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We finally finished a project, well finished enough to post at least.  We are expecting baby #2 in January and will be losing one of our two guest rooms to make a room for the baby.  There are a lot of times we have more than one family/couple staying with us and we had some “wasted” space in what will eventually be our office upstairs.  Currently, this room is still little more than a storage areas but I do have big plans for it in the future.

I measured and this space was 60.5″ deep.  We had an extra queen size mattress, which is 60″ wide so I thought we could turn this into a built-in daybed.

The nook before

The nook before

It took us several weeks, but really only about 8 hours of work to get from that empty space to this.  Hindsight is 20/20.  I started the wainscoting on the left side and by the time I made it to the right I realized the light switch was right in the way.

Nook after

Nook after

Don’t look too closely or you’ll see that the wainscoting and walls need another coat of paint or two, but it is functional enough for guests.  It would also make a relaxing reading area if one of us had time to sit around and read.

View from the daybed

View from the daybed

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It is finally finished. Here is the Pottery Barn Stratton inspired bed that we just completed.

The only thing left to do on it is make the dog bed for the end. The one you see is Major’s old bed. In hindsight, I would have shortened the overall height. Don’t worry though, I’ll explain exactly where in the tutorial below.

Materials:

  • 3 – sheets of 1/2″ MDF
  • 3 – 6′ 2x4s
  • 3 – 8′ 2x4s
  • 6 – 6′ 1x4s
  • 1 – 8′ 1x4s
  • Trim

NOTE: I allowed for a 2″ thick headboard to attach to the bed. If you are not using a headboard you may want to shorten the boxes.

  1. Cut MDF for top and bottom into 61″ x 21.5″
  2. Cut and attach 21.5″ lengths of 2×4 to the left, center, and right bottom of the MDF – this will elevate it off the ground the perfect distance to add the 1×4″ facing boards at the end (I know the picture shows two sections but that is only because I was using scrap 2x4s and didn’t want to waste anything. The other two boxes were done using 21.5″ sections)

  3. Cut and attach 14.5″ 2x4s to the MDF base (we used the Kreg jig for pocket holes) to the MDF in six places (front left, back left, front middle, back middle, front right, back right) Our 2x4s were cut to 17.5″ and if I were to do this again I would shorten it by 3″. I suggest you cut them to 14.5″

4.  Attach MDF board to the top (61″ x 21.5″)


    5.  Attach MDF panels to the inside walls of the compartments (21.5″ x 14.5″)

    6. Add 1×4 facing boards horizontally to top and bottom first and then vertically to left, middle, and right

    7. Add trim pieces (I used cove molding because it is the same width as the 1×4)

    8. Add beadboard for backing.

    I chose not to finish the ends on the two benches that would be used for the left and right side of the bed. I wanted the box at the foot of the bed to fit snugly up against them. However, the ends on the box for the foot had to be finished.

    Footboard box notes:

    • Make sure to account for added width of the boards you will be using on the ends. I had to cut the MDF down to 59.5″
    • Remember that whatever you add to the back will push the box away from the other two – I added trim pieces inside on the top and bottom and then used liquid nails to glue the beadboard to it. The beadboard was then flush with the edge of the MDF

    It really wasn’t hard to make. I apologize for not taking better pictures. Just remember to think through the concept before you make your cuts – especially on the footboard box.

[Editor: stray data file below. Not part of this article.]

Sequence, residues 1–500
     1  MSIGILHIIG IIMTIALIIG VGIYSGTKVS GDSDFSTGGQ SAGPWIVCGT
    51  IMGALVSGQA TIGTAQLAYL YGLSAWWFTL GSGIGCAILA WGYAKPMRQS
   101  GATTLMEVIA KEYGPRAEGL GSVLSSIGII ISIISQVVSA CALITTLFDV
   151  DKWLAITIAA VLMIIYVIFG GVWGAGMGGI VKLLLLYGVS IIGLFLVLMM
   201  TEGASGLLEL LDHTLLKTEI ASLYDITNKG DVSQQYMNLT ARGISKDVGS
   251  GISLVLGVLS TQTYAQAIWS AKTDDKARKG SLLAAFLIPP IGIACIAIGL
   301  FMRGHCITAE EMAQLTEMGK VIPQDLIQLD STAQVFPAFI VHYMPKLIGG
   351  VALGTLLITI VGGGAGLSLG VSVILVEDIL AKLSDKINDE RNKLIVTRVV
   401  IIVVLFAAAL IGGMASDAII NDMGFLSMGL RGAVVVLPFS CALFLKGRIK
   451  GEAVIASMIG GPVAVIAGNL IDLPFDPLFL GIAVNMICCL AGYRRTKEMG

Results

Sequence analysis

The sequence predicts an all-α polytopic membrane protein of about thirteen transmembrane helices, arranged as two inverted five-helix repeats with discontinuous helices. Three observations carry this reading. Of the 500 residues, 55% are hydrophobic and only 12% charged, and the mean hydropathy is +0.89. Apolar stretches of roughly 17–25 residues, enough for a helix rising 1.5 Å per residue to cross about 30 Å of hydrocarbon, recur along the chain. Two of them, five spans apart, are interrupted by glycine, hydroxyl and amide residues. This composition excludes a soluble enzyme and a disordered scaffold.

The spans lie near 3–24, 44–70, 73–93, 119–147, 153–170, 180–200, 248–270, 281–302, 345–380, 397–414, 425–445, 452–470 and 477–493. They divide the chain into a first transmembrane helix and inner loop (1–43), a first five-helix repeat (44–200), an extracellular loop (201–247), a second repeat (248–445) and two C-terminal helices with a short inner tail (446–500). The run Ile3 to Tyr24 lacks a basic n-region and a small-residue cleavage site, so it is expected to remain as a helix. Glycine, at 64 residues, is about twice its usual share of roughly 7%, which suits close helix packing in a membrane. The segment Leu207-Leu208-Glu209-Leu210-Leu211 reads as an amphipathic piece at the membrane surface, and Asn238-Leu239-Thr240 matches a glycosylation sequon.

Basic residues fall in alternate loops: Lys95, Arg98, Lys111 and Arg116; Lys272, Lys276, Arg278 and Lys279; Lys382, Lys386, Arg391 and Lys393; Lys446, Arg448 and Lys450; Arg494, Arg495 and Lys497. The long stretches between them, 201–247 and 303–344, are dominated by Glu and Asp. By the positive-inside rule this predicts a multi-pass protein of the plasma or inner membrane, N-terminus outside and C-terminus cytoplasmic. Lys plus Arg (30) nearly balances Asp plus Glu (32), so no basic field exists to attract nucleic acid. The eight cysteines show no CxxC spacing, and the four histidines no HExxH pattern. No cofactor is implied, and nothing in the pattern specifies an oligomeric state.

We attached the headboard using large L brackets

    If you are wondering what that stuff on the vent is, yes, it is duct tape. The bed was going to cover 1/2 of the vent and I didn't want to heat and cool under the bed. It is working like a charm.

    Bed with two boxes in place

    We didn’t want to use a boxspring with our mattress so we opted to add slats instead. I attached a 2×2″ to the back of the boxes for the slats to rest on. The slats are made from the left over MDF.

    The baskets are the the large Wicker Pole Handle Storage Baskets from the Basket Lady. The paint is Pottery Barn Decorators White from Benjamin Moore.

    A few months ago I was in a painting mood, which doesn’t happen very often because frankly I’m not very good at painting. Unless you count include painting rooms, furniture, accessories. We needed some art work for the wall above the staircase and I thought I would share with y’all the finished product.

    I want to share my latest project with you, but it is going to take a while to complete it. In the meantime, here are a few pictures of the work I did over the weekend. Anyone (other than Mom and Matt) want to take a guess on what this is going to be?

    Trying to work out the dimensions in my head

    A few pocket holes never hurt anything

    Don't worry, the box isn't staying

    At least it looks like something now

    A few hints for you…

    1.  The box is a placeholder for a basket

    2.  There will be a back

    3.  The finished product will have 3 of these

    Now it’s  your turn to entertain me. Any guesses?

    Alright, I’ll admit it. I was a little lazy with the post. I actually completed this project a week ago, but I felt a little guilty since I wasn’t very good about taking before pictures. I’m always so excited to get started on a project and realize halfway through when I’m almost finished that I didn’t take pictures. I was perusing Cottage Coast Store a few weeks back and I saw this beautiful wooden whale. I wanted it but I did not want to pay $65 for it. Besides, I figured I could probably make one. It would be worth a shot at least, right?

    I went out to the garage and dug around for a scrap piece of wood. I found the perfect 1″ x 12″ that previously served as the shelf in the master closet. I’m not a great artist but I did manage to freehand the whale onto the board and cut it out with the jigsaw. 30 minutes later, this is what I had.

    I already had a white base layer, so I added a coat of Behr Rain Washed blue and then I dry brushed a little Behr Surfer blue on top.

    It found a home above our headboard for now. Please excuse the contrasting wall color. I have plans to repaint the bedroom a shade of white.